In a webinar hosted by MarketSharp on Monday, Dave Yoho, founder of Dave Yoho Associates, spoke to more than 1,000 listeners about today’s uncertainties and how they should work to stay relevant in “complicated times.” Attended by members of the building industry, Yoho pointed out they’ve faced tough times before.

“If you’ve been in business for 15 years or more, you’ve been through recession and 9/11,” he said. “All this, too, shall pass.”

Until it does, Yoho explained, company leaders need to learn how to adapt.

“It’ll be up to you to embrace the changes necessary,” he said. “If you’re not adapting to the current situation, you may be disappointed. This is not a criticism. Rather, it is a call for you to take heart. Our country survived the Great Depression, the post-World War I flu pandemic, and World War II. We had a recession from the beginning of that war until two years after it ended. Your company and mine can and will survive this crisis, but you will be called upon to change your thinking, your business model.”

Yoho is of the opinion that, at the very least, it’s time for a shift in how companies speak to potential clients. The first step he recommends is stopping the overuse of the first person.

“Stop telling customers how wonderful you are, how long you’ve been in business. When you’re talking to people you’d like to make customers, refer to ‘your home, your health, your safety,’” he suggested, adding, “Tell them something of value.”

Before turning the seat over, he reminded the audience of an act that will be of utmost importance over the next few months: Don’t forget to sanitize everything you touch, especially in the customer’s presence.

Joining Yoho on the call were six other associates. Joe Talmon described how some companies are turning to “virtual canvassing,” via social media and suggested that listeners could consider technologies such as video conferencing for virtual consultations, and use EagleView and Hover for obtaining outside measurements, remotely.

“When this breaks, there will be a huge backlog and a long wait for consumers, so those scheduling now will be in the best position and [have the] best prices, for being at the front of the line,” Talmon said.

Rick McIntire reminded business leaders that morale and positivity are the biggest concerns companies face right now, even if they don’t realize it, for which he said leadership sets the tone.

“You get to decide which attitude will permeate your company,” he said. “It is a pandemic. It will affect your business, now and in the future.” Those factors are undeniable, McIntire reminded, but equally so how businesses act to survive once it’s all over falls to leadership. “You can and will determine how your company will survive,” he said. “We are still hearing from clients that leads are available. Not everyone is panicked. Some [homeowners] are taking the time to get proposals they had put off before. Those who are able to meet with people are making sales.”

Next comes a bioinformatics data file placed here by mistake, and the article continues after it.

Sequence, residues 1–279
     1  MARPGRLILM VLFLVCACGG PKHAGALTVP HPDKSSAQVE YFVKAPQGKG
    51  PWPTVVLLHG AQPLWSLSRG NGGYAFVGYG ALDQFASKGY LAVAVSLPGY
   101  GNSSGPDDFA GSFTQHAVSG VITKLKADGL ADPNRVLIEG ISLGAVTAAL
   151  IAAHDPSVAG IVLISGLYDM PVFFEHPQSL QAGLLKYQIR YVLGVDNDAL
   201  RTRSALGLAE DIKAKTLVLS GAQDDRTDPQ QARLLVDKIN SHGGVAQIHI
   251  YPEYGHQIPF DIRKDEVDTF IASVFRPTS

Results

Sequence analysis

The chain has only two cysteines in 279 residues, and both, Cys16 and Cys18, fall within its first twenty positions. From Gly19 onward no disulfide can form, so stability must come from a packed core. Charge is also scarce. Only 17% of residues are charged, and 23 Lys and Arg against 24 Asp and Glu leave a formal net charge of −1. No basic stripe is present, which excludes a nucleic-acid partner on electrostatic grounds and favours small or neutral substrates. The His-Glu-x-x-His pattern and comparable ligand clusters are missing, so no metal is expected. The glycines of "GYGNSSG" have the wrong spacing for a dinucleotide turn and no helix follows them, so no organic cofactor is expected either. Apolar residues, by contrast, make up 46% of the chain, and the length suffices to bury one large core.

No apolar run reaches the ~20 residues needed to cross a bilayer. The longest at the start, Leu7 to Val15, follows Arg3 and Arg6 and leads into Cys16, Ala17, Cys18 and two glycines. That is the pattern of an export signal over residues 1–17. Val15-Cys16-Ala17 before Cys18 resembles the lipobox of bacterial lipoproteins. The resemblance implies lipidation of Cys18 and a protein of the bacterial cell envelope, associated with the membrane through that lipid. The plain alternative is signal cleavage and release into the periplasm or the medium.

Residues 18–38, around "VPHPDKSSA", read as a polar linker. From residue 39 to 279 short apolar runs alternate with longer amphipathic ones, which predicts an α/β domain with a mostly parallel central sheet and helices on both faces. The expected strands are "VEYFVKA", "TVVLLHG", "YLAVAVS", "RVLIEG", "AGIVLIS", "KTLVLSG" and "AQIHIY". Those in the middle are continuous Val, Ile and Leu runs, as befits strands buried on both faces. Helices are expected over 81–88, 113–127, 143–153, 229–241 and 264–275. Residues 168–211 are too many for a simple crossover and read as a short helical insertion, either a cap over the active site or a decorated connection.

D.S. Berenson, who serves as general counsel to companies working in the remodeling industry, followed by acknowledging that the current global crisis has created “lots of complicated issues to address.” At the very least, he explained, a shut down that includes state agencies creates a backlog—a “monumental” one, he added, in this case in paperwork, via permits and inspections.

The best form of protection, Berenson said, are well-written work orders, which he pointed out should have been in place prior to now. He described a strong work order as one that’s written specifically for the work being done, the company doing the work, or the industry that would be doing the work. Additionally, it would include language that outlines events outside of the control of contractors and should also denote what falls under Acts of God or Local Government, which do not constitute job abandonment.

“This type of language, if it’s in your contract, gives you all the operational and legal structure that you need so you can show the customer the job has been frozen,” Berenson said.

John Pohl, president of Springs Connect, a call-center specializing in lead recovery, came online with encouraging information.

With states varying in their reactions to the presence of COVID-19, “We’re calling all over the country for different companies, setting leads. We’re hearing everything; the good, the bad, the ugly. It’s not easy to make these calls, but don’t let a call center tell you it’s impossible to make these calls,” Pohl said. “Evaluate your script, make adjustments, but don’t stop calling.”

1 Comment

  1. Our globe traversed the before 9/11 & after 9/11 world and as Dave correctly pointed out the time is now to pivot going forward in a #BeforeCovid #AfterCovid market climate.

    Thank you to Dave and the team for sharing decades of wisdom.

    Needed that!

    Hal Yaffe
    Premium Domian Name Asset Broker

    Capture the changing economy before it captures you!

Leave a Reply

Your email address will not be published. Required fields are marked *